van Gogh's letters - unabridged and annotated
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Letter from Vincent van Gogh to Theo van Gogh
Saint-Rémy, 13 May 1890
Relevant paintings:

"Still Life: Pink Roses in a Vase," Vincent van Gogh

My dear brother,

After a last discussion with M. Peyron, I have permission to pack, and have sent my luggage by goods train. The 30 kilos of luggage which one may carry will be enough for me to bring some frames, the easel and stretchers, etc., with me. I shall leave as soon as you write M. Peyron. I feel quite calm and I do not think that in my present condition I shall be easily upset.

In any case I hope to be in Paris before Sunday so as to spend your free day quietly with you all. I very much hope to see André Bonger too at the first opportunity.

I have just finished another canvas of pink roses against a yellow-green back-ground in a green vase.

I hope that the canvases I am doing now will make up for the expense of the journey.

This morning when I had been to pay for my luggage, I saw the country again after the rain, quite fresh and full of flowers - what things I could still have done.

I have also written to Arles, asking them to send off the two beds with the bedding by goods train. I figure that this can only cost about 10 francs or so for carriage, and it is always so much saved from the wreck. For it will certainly be useful to me in the country. If you have not yet answered M. Peyron's letter, please send him a wire, so that I can make the journey on Friday or Saturday at the latest, so as to spend Sunday with you. By doing so I shall also waste less time for my work, which for the moment is finished here.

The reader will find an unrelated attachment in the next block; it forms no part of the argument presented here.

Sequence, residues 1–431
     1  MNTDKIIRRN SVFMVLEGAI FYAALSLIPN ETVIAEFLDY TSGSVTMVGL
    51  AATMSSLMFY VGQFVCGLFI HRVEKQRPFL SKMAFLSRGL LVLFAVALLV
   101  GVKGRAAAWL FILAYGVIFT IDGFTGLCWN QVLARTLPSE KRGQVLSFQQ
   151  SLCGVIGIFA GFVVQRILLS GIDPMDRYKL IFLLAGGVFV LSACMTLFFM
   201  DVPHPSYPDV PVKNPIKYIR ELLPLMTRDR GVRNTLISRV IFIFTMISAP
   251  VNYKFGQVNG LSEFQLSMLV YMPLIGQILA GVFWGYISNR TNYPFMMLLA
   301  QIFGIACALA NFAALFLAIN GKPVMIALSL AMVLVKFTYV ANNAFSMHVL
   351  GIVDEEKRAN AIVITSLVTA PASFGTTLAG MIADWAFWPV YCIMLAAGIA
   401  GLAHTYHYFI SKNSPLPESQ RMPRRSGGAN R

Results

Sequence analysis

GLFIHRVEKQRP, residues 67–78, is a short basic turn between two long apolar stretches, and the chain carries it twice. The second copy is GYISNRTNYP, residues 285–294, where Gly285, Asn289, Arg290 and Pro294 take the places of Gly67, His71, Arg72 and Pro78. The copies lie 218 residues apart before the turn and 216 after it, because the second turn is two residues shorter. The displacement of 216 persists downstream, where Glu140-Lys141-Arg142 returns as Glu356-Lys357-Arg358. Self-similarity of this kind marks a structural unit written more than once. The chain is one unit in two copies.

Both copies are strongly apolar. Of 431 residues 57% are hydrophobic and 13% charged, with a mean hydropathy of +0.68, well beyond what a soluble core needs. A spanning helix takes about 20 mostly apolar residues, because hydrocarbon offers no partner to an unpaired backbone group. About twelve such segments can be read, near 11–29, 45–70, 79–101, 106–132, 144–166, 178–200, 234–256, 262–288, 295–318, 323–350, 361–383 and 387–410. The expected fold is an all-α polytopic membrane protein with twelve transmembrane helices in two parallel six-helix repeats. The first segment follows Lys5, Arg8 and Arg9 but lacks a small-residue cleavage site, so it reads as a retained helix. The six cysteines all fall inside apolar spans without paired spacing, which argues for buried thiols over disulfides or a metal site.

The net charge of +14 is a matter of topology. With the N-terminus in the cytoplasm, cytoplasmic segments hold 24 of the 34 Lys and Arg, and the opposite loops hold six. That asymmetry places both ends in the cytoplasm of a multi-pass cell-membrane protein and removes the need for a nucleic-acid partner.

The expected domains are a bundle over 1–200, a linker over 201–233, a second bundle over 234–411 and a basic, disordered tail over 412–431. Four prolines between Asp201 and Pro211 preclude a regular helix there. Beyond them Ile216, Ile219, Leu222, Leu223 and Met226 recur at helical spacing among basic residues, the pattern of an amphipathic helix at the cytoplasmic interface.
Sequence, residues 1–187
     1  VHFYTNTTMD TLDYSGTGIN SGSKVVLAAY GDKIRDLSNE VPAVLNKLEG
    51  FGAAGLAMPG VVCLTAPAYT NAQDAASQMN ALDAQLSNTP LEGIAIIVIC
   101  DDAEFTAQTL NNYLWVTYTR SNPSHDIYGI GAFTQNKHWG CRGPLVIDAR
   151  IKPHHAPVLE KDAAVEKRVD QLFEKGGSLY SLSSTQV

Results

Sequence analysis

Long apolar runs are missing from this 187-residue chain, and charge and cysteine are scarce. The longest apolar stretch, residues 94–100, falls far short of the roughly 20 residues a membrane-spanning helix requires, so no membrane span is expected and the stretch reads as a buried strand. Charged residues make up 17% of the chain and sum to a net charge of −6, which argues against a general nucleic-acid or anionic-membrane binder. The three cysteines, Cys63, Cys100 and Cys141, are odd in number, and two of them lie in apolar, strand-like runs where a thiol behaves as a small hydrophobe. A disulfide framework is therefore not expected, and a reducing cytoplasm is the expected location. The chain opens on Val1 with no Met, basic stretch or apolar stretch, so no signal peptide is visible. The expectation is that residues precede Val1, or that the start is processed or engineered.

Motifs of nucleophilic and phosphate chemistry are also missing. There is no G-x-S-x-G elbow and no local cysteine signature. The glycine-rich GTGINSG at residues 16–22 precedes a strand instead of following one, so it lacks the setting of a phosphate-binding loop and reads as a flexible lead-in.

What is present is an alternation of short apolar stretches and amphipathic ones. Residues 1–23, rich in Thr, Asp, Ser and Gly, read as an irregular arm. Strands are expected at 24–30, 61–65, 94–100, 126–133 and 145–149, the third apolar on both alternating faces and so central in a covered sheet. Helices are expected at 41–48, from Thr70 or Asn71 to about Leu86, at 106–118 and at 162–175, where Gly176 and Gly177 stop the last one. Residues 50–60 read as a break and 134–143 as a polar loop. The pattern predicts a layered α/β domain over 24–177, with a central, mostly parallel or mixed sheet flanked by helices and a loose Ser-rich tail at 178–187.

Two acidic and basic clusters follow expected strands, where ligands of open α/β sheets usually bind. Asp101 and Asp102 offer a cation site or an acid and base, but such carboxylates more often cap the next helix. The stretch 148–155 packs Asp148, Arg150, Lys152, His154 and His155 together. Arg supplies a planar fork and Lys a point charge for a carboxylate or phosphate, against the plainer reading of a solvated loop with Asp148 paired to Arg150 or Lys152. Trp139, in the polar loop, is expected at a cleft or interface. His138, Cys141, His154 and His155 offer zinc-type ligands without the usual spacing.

In Paris - if I feel strong enough - I should very much like to do at once a picture of a yellow bookshop (gas effect), which I have had in mind so long. You will see that I'll be fit for it the day after my arrival. I tell you, I feel my head is absolutely calm for my work, and the brush strokes come to me and follow each other logically. Anyway, till Sunday at the latest, I shake your hand, and meanwhile kindest regards to Jo.

Ever yours, Vincent

Probably the reply to M. Peyron will already have been sent - I hope so. I was a little worried because it was delayed a few days, as this seems utterly pointless to me. For either I shall plunge into fresh work here, or it is just now that I have leisure for the journey.

Spending days here or elsewhere doing nothing would make me miserable in my present state of mind.

Besides, M. Peyron does not object, but naturally when one leaves, the position with regard to the rest of the management is rather difficult. But that will be all right, and we'll separate amicably.

At this time, Vincent was 37 year old
Vincent van Gogh. Letter to Theo van Gogh. Written 13 May 1890 in Saint-Rémy. Translated by Mrs. Johanna van Gogh-Bonger, edited by Robert Harrison, number 634.

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